If you go ADL to 0 and then continue left, the gate for each disk (from the drive down to 1) will be at roughly L0, L6, L12, L17, L23, L29 – fairly obvious they’re sequential when done like that. Since the lock came with no instructions or anything, I eyeballed the correct combo to be 6x L29 5x R40 4x L17 3x R19 2x L6 R0; that didn’t exactly scream “sequential” at me.

To see how much of an effect the stacking of drive pins has on something with 6 wheels we can go ADL 0 and then start dialing right so that we note the index where each disk gets picked up, and get something like:

d5: R2
d4: R5, after going around once, of course. So already at d4, pickup is happening 5 indices earlier because there’s now a bunch of drive pins there
d3: R10
d2: R15
d1: R20

So the difference is 20 increments at the last disk, which is about 30% of the dial’s range of 0 – 63. To drive the point home, the correct combination but starting from R is 6x R49 5x L23 4x R30 3x L12 2x R10 L0.

Act II, the Screws

So, now I was ready to actually start dealing with the drive pin screws. Note that if you happen to have an RKS or manage to get your hands on one, this probably won’t be as difficult for you, but I’ve got a tremor that makes dealing with screws this small a bit of a challenge. Luckily for me I enjoy challenges, so I headed over to a hardware store and bought a set with the smallest screwdrivers they had, some tweezers, and a “helping hand” that I knew to have a fantastically useless base but with alligator clips and such that I could put to use.

Note that you’ll really want to have good angled tweezers; you likely won’t be using them for the drive pin screws, but the washers between disks and then the 3 . The ones in the picture were cheap but extremely annoying to use and stuff had a tendency of slipping out of them, and ended up getting Tamiya’s angled tweezers the next day.

You’ll definitely want a magnetized screwdriver; I used a neodymium magnet I had lying around.

Easy part’s done, so now for the hard part. I held the disk in locking tweezers and somehow managed to get the screw in on the first try. Victory!

Armed with a false sense of confidence, I attacked the next disk. The same locking tweezer technique failed to work. I tried it a few times and after almost losing the screw because the disk had a tendency of starting to slip from the tweezers, I changed tactics.

Tools.
Tools.
Disk with screw.
Disk with screw.

Helping hand time. As said, the base is absolute crap so I duct taped it to the desk. That worked about as well as you’d expect.

Helping hand.
Helping hand.

Helping hand.
Helping hand.

I was extremely paranoid about losing parts, so I kept everything in minigrip bags that I made sure to close.

Bags.
Bags.

OK, so that was a no-go. I headed over to Discord to see if anybody had any advice.

NKT gave me the idea of using something cylindrical for stablizing the screwdriver, and I gave that a go. I grabbed my Revolver, stuck it to the table with some two-sided mounting tape and tried the concept out – this could work.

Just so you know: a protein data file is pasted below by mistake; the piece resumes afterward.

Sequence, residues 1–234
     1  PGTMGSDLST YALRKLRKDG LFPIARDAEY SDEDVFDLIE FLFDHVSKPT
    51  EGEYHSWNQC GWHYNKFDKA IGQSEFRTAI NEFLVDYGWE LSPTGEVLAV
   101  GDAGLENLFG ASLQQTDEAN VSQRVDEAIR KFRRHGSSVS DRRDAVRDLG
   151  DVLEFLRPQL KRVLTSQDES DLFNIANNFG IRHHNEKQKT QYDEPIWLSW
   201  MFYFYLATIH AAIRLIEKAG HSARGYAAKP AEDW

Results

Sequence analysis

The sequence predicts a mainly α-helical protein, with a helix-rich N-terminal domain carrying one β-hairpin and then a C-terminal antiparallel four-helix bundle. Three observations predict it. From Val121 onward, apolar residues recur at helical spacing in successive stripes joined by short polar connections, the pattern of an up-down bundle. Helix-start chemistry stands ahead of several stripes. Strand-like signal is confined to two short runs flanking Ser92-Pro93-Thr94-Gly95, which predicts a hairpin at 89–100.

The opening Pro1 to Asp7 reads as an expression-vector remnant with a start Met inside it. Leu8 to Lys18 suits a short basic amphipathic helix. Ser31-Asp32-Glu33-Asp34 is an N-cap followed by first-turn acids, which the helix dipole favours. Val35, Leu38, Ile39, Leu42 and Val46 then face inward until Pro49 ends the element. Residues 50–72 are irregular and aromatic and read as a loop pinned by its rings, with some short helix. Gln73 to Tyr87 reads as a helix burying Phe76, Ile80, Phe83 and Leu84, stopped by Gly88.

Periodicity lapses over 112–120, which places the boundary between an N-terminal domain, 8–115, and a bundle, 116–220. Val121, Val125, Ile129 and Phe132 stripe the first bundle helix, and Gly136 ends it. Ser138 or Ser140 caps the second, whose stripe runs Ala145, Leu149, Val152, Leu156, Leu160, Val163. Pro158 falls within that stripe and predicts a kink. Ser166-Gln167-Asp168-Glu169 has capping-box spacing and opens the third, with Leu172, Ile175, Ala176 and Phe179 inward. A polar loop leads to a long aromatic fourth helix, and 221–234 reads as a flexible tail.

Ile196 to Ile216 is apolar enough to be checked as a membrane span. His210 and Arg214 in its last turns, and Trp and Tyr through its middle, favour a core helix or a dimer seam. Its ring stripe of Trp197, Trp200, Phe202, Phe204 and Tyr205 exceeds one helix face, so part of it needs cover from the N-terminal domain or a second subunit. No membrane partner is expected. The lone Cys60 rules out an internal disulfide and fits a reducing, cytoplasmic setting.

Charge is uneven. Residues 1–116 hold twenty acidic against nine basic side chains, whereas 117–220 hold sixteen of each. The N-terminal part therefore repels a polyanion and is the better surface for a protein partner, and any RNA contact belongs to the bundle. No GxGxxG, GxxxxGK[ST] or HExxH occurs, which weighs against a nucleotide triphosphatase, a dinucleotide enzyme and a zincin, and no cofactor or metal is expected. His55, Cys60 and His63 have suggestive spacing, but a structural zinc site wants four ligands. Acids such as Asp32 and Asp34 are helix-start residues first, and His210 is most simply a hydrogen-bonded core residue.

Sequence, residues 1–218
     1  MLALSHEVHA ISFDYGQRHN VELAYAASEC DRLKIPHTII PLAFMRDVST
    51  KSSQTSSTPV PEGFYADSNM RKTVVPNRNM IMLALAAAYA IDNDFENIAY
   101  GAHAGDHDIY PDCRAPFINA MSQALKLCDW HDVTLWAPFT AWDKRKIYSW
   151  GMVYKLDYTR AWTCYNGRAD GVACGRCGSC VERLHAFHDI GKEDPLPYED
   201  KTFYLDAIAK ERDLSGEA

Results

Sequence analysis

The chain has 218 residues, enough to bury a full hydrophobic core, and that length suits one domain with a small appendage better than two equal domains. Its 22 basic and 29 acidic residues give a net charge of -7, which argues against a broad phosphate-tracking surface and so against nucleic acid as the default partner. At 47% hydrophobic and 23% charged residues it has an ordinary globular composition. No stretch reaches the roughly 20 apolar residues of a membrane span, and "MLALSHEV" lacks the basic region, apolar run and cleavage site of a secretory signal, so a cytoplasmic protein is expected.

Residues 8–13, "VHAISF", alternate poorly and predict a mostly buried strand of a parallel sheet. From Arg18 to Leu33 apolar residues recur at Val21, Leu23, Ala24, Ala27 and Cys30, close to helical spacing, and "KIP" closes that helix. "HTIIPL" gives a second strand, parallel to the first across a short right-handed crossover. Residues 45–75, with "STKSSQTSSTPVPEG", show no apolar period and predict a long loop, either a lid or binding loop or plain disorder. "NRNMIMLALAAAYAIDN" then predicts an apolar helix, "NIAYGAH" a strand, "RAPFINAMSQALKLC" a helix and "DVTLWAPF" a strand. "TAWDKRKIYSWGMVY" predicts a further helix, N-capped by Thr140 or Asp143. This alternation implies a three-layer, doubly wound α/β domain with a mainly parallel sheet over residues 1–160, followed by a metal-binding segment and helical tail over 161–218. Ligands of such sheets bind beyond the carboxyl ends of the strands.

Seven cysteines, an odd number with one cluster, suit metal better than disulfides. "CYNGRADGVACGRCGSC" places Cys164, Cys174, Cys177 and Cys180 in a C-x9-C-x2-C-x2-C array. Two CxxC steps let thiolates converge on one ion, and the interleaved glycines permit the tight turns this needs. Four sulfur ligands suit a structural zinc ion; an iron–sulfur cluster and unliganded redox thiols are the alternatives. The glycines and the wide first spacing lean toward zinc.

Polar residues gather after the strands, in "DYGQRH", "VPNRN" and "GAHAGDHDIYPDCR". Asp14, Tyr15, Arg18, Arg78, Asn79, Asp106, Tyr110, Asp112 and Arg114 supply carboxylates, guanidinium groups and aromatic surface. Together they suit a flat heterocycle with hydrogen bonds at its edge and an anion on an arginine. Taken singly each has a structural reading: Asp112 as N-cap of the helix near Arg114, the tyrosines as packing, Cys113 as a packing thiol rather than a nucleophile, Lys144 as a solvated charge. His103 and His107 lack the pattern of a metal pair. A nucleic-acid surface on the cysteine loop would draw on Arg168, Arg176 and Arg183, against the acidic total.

Narrator: “it didn’t.”


At that point I gave up for the day and put the screw in the naughty box.

Revolver.
Revolver.
Naughty box.
Naughty box.

On Monday I headed over to a hobby store, and the guy there suggested drilling a hole into a piece of plastic and then using that as a screw holder, and it sounded like it might work so I decided to give it a go. I got a 1.6mm thick rod of plastic, a 1.2mm drill bit and a handle for it, and the Tamiya tweezers.

After some experimenting it looked like the plastic was just a bit too thick (should have gone with eg. 1.2mm) and it was hard to see if I was anywhere near the screw hole, so I thinned it a bit with a file and rounded the head. In hindsight I should probably have taken even more of the head off. While it was easy to get the screw onto the plastic “handle”, getting the screw positioned properly was a pain and the screw had a tendency of falling out, but I suspect a 1.1mm bit would have already been too small. I tried different ways of clamping the disk in place but eventually gave up. I was starting to doubt I’d get this done.

Plastic screw holder.
Plastic screw holder.

Act III, Rustling up Some Screws

On Tuesday I asked around on Discord if people had any further ideas, and legendofthesamurai suggested using thin copper wire to make a lasso around the threads of the screw and then using that wire as a handle. That’d solve the problem of not being able to see where I was putting the screw, and I could use the plastic tool to hold the currently detached screw for lassoing.

After I had the screw in the lasso, it was downright easy to get it in the disk.

Success.
Success.

OK, not so easy that I wanted to do all disks so I left one at the default position, but I did change the pin on the drive disk, which was challenging due to the drive shaft.

Getting the washers back in took me a while, and I don’t think I could have done it without two tweezers, but I eventually got there. The last step was tightening those 3 screws in the plug casing, but they were big enough that I could hold them with the tweezers to screw them in, so that was an absolute breeze. Used a 1.3mm hex head to reattach the loose screw on the endplug, and plopped the sidebar back on.


And there we have it. 3 days later I have an assembled lock again.

It does seem like there’s a little more friction than there used to be; I think I dinged some of the circlip washers as I was putting them back in, but there’s
no way I’m popping it open in a while and not much I could do about those washers anyhow. I put very small amounts of PTFE-based lock oil between the disks which helped a lot.

Drive shaft challenge.
Drive shaft challenge.
Reassembled.
Reassembled.
RKS core.
RKS core.

Album for storing a pin collection

March 11th, 2021

In 2019 Jan-Willem started with am odd collection. Not the locks, nor the keys, just the pins from a pin tumbler. Pins are in a lock and make them function. However, the pins are only observable when the owner decides to gut the lock or create a cutaway. The idea was simple: Create a collection/archive of pin tumbler pins and their keys. This required a proper way to store the pins.